A proposal that the United Nations celebrate the 500th anniversary of Christopher Columbus' discovery of the New World fell off the edge of the Earth yesterday when the Africans decided the celebration would amount to honoring a colonialist.
Their opposition was aroused after Iceland's Ambassador Hodur Helgason insisted in a General Assembly debate that "America was discovered by Leif Ericsson, an Icelander of Norwegian descent in the year 1000."
Then Helgason mentioned tongue-in-cheek that the resolution -- which would have launched U.N. planning for "appropriate observances" in 1992 -- would be the first in U.N. history "which commemorates colonization."
The sponsors of the draft, among them Spain and 29 New World nations including Cuba and the United States, suddenly found their proposal foundering.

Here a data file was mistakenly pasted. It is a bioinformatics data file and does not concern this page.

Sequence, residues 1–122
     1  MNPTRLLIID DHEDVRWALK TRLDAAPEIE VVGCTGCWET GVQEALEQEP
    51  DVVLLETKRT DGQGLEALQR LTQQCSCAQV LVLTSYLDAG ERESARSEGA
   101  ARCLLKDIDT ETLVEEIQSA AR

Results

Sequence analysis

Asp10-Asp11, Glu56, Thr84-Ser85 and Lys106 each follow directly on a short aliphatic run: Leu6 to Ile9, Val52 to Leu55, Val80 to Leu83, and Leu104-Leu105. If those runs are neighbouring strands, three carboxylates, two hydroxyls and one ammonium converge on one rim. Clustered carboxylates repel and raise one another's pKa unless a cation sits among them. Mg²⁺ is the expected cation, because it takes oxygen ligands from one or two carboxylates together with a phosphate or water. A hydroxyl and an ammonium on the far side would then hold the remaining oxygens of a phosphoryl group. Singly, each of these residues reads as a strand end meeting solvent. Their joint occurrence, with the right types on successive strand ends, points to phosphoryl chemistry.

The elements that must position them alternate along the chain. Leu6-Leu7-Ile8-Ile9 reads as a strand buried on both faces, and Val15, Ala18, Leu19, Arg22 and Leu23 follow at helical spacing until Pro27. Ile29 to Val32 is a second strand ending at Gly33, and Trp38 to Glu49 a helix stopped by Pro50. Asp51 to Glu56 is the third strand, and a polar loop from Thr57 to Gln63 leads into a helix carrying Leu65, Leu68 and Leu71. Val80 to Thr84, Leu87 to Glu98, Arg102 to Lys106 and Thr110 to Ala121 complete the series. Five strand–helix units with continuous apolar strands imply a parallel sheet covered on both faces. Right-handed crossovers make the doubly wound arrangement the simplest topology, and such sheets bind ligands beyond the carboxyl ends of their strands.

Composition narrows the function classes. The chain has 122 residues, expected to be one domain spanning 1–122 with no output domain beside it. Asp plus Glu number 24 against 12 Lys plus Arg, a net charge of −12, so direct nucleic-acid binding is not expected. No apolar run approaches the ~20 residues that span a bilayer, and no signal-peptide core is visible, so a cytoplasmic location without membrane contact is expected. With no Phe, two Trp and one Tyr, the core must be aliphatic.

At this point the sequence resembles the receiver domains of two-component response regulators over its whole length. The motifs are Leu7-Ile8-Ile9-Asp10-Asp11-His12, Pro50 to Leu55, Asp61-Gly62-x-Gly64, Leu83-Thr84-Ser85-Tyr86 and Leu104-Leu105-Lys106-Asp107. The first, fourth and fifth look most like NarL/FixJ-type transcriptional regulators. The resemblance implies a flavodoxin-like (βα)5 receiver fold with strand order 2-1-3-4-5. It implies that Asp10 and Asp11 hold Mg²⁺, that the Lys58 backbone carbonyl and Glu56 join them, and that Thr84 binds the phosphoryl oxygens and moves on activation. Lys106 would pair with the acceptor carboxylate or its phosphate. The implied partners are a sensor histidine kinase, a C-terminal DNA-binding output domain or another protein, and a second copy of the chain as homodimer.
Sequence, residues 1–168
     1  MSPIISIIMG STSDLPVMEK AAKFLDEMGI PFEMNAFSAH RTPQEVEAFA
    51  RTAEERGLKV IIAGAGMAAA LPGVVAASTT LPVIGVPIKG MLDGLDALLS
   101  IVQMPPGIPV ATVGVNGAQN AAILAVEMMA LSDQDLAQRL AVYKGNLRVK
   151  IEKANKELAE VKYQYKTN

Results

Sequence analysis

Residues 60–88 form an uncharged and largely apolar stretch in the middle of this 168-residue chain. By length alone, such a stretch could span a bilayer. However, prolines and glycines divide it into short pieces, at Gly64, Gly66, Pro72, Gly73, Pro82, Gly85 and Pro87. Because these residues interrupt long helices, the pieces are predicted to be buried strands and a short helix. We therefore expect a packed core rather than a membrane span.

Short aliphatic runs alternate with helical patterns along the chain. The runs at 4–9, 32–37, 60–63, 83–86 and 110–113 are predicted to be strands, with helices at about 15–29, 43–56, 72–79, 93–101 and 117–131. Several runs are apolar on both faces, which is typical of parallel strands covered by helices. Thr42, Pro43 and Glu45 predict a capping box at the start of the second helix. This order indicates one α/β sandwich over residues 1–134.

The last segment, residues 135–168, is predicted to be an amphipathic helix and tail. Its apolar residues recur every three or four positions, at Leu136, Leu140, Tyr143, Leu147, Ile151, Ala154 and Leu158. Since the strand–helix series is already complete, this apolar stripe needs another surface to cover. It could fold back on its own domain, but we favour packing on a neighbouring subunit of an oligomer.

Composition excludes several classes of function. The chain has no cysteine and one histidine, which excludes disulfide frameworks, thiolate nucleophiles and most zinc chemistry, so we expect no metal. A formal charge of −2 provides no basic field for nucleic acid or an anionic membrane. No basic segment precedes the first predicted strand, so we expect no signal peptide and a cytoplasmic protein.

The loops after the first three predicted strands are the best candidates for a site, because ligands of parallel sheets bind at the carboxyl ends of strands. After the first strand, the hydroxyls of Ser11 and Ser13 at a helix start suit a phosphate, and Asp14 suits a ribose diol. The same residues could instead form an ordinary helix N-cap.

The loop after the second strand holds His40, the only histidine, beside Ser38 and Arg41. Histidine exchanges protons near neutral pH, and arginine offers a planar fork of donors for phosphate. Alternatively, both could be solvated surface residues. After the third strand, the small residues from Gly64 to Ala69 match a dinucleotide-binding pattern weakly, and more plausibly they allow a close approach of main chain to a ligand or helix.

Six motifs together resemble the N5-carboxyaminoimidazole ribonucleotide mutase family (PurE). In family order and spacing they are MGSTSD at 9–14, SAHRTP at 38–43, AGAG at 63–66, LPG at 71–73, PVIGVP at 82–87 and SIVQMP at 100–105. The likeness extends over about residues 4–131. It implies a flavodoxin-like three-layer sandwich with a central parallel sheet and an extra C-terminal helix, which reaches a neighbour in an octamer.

The 50 African states, sensitive on the issue of colonialism, caucused and decided to vote against the resolution en masse. Yesterday, U.N. officials announced that the vote, scheduled for Monday, had been put off indefinitely -- most likely until at least next year.
Besides the Africans, Ireland also took a dim view of the proposal to honor Columbus. Irish Ambassador Noel Dorr suggested that an Irish monk, St. Brendan the Navigator, may have discovered America as early as the 7th century, and he criticized the sponsors for wasting U.N. time and money on the issue.
Jaime de Pinies of Spain retorted that the only thing that the Irish have contributed to the American continent "is the well-trained police force in New York City."